Here we show you the information for you to know the destination, what to see there and where to find it.
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Basilica of Our Lady of the Pillar
La Zuda Tower
Basilica of Our Lady of the Pillar
Cathedral of Zaragoza
Interior of the Basilica
Palace of the Aljafería
Moorish tower of the Cathedral
Interior of the Aljafería
St. Isabel's Courtyard
Roman Theatre of Zaragoza
Zaragoza is a city located in central Spain, and the capital of the Aragon region. Located on the banks of the Ebre river, is the fifth largest city and contains half the population of the region. The origin of the city dates back to Salduie, which was the name of the Iberian city sedetana. Caesar Augustus in 14 a. C. called the city Caesaraugusta, but were the Arabs who gave it its present name Saraqusta. The city is an example of Moorish art.
N 41º 39' 26''
W 00º 52' 18''
Basílica del Pilar
The Pilar Basilica was built in the XVII century, but the towers were not completed until the mid-twentieth century. The basilica is baroque style and is one of the most important pilgrimage site in christendom. Inside highlight, the altarpiece by Damián Forment in the XVI century, the largest choir, organ and the holy chapel designed by Ventura Rodríguez, masterpiece that hosts the image of the Virgin of Pilar of XV century. The frescoes of the dome and the vault were painted by Goya.
Palacio de la Aljafería
Aljafería Palace is considered one of the most important buildings made in Spanish-Muslim XI century. The palace still retains some traditional fortified enclosure. It is a quadrangular exterior wall, reinforced by rounded turrets excepts major one called troubadour, large and rectangular. The lower zone dating from the ninth century, is the oldest remaining architectural group. It has been declared World Heritage Site by Unesco.
Lonja de Mercaderes
The Merchant Fish Market was built between 1541 and 1551 and is considered the best example of civil architecture in Aragon. Emphasise its sharp lines and florentine quattrocento style-lines, highlighting the eaves of the outside, the gallery of arches and, inside, a large lounge with banded columns and starry vaults. It is currently used as a municipal exhibition hall.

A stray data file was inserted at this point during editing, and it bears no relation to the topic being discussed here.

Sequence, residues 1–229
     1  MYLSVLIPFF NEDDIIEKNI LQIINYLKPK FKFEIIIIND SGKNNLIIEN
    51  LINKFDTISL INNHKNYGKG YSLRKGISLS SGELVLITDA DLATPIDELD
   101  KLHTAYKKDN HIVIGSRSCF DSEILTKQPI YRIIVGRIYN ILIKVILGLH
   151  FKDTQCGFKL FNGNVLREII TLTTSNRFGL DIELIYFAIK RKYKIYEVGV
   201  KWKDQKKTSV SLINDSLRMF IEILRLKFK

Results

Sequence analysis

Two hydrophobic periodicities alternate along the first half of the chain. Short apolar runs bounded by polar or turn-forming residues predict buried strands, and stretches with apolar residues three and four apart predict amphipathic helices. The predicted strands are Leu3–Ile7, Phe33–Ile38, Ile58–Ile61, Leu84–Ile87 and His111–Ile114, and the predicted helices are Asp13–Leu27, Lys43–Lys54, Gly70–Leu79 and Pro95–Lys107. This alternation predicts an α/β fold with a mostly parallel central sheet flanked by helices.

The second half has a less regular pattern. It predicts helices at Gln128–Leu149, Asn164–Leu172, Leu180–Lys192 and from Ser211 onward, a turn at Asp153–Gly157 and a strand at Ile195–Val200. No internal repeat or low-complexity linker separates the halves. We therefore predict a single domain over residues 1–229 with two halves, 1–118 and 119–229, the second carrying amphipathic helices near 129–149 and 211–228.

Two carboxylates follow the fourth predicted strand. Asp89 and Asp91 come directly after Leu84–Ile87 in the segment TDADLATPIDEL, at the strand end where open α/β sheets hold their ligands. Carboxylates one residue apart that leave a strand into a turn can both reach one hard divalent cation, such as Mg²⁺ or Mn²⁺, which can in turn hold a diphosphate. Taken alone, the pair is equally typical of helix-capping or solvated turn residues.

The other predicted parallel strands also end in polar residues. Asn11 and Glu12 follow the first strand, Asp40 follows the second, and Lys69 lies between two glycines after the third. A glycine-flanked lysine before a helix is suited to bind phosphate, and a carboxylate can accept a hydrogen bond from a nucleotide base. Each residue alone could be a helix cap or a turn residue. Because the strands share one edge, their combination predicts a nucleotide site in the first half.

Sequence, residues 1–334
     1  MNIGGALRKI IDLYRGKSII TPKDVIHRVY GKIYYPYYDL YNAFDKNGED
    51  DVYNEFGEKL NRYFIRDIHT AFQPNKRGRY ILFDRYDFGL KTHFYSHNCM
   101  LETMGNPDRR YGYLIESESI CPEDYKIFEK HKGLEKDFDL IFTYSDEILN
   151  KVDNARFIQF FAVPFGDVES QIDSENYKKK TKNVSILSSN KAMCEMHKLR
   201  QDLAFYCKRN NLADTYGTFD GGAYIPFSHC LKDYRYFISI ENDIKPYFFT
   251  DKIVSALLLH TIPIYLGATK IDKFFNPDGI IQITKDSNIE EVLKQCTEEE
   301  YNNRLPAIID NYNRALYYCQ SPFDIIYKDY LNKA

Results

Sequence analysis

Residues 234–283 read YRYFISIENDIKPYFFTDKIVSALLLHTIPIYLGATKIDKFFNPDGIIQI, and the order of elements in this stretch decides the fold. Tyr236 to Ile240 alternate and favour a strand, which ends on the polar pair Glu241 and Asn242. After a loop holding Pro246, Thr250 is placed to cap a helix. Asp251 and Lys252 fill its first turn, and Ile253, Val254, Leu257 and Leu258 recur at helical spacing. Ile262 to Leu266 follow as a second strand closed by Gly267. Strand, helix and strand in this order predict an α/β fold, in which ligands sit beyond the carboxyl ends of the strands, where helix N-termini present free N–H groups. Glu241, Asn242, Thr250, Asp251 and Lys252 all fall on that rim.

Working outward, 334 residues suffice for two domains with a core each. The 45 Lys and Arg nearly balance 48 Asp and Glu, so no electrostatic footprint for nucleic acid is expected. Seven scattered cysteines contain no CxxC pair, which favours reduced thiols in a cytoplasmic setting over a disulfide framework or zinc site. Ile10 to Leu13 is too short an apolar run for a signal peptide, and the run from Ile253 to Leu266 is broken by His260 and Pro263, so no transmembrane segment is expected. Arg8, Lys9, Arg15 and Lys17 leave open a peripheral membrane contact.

San Salvador Cathedral
San Salvador Cathedral was built between the XII and XIII century on an ancient mosque of the muslim period, and this on over an ancient roman temple. It was built with a mixture of romanesque, gothic, mudéjar, baroque and renaissance style. On the outside highlights the wall of the chapel of St. Michael, moorish masterpiece of Zaragoza, and inside the gothic altarpiece, made of polychrome alabaster. It has been declared World Heritage Site by Unesco.
Torreón de la Zuda
The Tower of Zuda built in the tenth century, was the seat of the muslim rulers and was built in line with the towers of the roman wall. After the reconquest, was the residential palace of the Aragonese monarchs until the thirteenth century. The tower was rebuilt in the second half of the sixteenth century. The current appearance dates from the last restoration by Francisco Íñiguez between 1946 and 1952.
The Stone Bridge, built between 1401 and 1440, is the oldest bridge over the river Ebro. It was built in gothic style and has been renovated several times due to the flooding of the Ebro. At the end of both sides, highlight the four bronze lions made by sculptor Francisco Rallo.
Patio de La Infanta
The Patio de la Infanta, is a court built in the mid-sixteenth century, was part of the palace that the merchant and banker Gabriel Zaporta owned in San Jorge street. Introduces the elements and structure of the Aragonese courts. It has a hard ornamentation abound in mythological scenes and, characters like Carlos III, Charlemagne, Felipe II or Fernando el Católico and has beautiful stone and stucco reliefs. The courtyard is known as Patio de la Infanta, in honour of Teresa de Vallabriga.
The Roman Theatre of Caesaraugusta was built in the early first century AD in the reign of Emperor Tiberius. Was in use until third century when its materials were used to build walls and other buildings. In 1974 excavations unearthed it. Its area was 7000 square meters and had a capacity to accommodate 6000 spectators, which made it one of the greatest of the Roman Spain.
- The entrance to the Patio de la Infanta is done through a
bank branch of Ibercaja.
- The entrance to the cathedral and its museum costs 2€. The
museum is highly recommended.
- The entrance to the Palace of Aljafería costs 3€. It is highly